QUESTIONS

5. What is meant by a currency trading at a discount or at a premium in the forward market?

Answer: The forward market involves contracting today for the future purchase or sale of foreign exchange. The forward price may be the same as the spot price, but usually it is higher (at a premium) or lower (at a discount) than the spot price.

PROBLEMS

4. Restate the following one-, three-, and six-month outright forward European term bid-ask quotes in forward points.

Spot

1.3431-1.3436

One-Month

1.3432-1.3442

Three-Month

1.3448-1.3463

Six-Month

1.3488-1.3508

Solution:

One-Month

01-06

Three-Month

17-27

Six-Month

57-72

6. Using Exhibit 5.4, calculate the one-, three-, and six-month forward premium or discount for the Canadian dollar versus the U.S. dollar using American term quotations. assume each month has 30 days. What is the interpretation of your results?

Solution: The formula we want to use is: f = [(F($/CD) - S($/CD))/S($/CD)] x 360/N days

f 30 = [(.9628 - .9629)/.9629] x 360/30 = -.12% f 90 = [(.9624 - .9629)/.9629] x 360/90 = -.21% f 180 = [(.9614 - .9629)/.9629] x 360/180 = -.31%

For simplicity,

The pattern of forward premiums indicates that the Canadian dollar is trading at a discount versus the U.S. dollar. That is, it becomes less expensive to buy a Canadian dollar forward.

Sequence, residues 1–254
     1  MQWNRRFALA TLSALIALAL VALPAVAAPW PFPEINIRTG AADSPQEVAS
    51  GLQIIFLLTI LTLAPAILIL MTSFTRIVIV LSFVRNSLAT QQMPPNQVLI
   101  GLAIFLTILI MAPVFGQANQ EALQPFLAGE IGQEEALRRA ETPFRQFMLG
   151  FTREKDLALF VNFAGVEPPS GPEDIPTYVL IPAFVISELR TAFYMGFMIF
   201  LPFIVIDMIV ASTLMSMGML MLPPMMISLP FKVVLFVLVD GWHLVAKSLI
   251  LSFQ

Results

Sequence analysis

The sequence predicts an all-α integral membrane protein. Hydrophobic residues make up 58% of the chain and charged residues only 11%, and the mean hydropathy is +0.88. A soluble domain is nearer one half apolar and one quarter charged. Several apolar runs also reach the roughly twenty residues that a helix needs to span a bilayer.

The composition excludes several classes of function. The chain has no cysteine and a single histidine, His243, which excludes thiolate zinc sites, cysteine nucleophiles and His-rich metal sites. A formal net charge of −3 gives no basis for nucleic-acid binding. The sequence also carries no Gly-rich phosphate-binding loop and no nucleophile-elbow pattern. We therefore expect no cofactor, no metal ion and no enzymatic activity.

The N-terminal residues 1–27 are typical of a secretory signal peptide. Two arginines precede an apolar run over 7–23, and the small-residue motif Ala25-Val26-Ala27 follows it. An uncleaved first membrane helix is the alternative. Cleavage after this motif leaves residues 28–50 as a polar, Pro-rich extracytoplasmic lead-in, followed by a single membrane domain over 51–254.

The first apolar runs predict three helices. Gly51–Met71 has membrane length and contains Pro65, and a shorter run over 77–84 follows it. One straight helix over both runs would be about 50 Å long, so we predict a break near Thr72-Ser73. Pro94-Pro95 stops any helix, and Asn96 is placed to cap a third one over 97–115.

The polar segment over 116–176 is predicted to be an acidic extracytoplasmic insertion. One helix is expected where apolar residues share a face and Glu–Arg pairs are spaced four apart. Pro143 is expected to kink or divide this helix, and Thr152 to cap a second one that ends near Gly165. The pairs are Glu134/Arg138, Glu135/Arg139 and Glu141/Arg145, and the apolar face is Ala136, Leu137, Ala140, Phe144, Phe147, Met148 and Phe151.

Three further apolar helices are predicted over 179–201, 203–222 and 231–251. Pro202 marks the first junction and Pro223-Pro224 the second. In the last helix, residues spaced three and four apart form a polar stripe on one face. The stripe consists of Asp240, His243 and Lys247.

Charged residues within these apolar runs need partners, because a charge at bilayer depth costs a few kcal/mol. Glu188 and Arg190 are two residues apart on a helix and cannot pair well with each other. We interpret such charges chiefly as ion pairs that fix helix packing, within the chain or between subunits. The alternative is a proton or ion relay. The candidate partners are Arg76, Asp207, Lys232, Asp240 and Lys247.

Also, the discount increases in magnitude over time.

10. Doug Bernard specializes in cross-rate arbitrage. He notices the following quotes:

Swiss franc/dollar = SFr1.5971/$

Australian dollar/U.S. dollar = A$1.8215/$

Australian dollar/Swiss franc = A$1.1440/SFr

Ignoring transaction costs, does Doug Bernard have an arbitrage opportunity based on these quotes?

If there is an arbitrage opportunity, what steps would he take to make an

arbitrage profit, and how would he profit if he has $1,000,000 available for this purpose.

Note: It does not matter which pair of currencies you choose to compute the implicit cross rate. You will arrive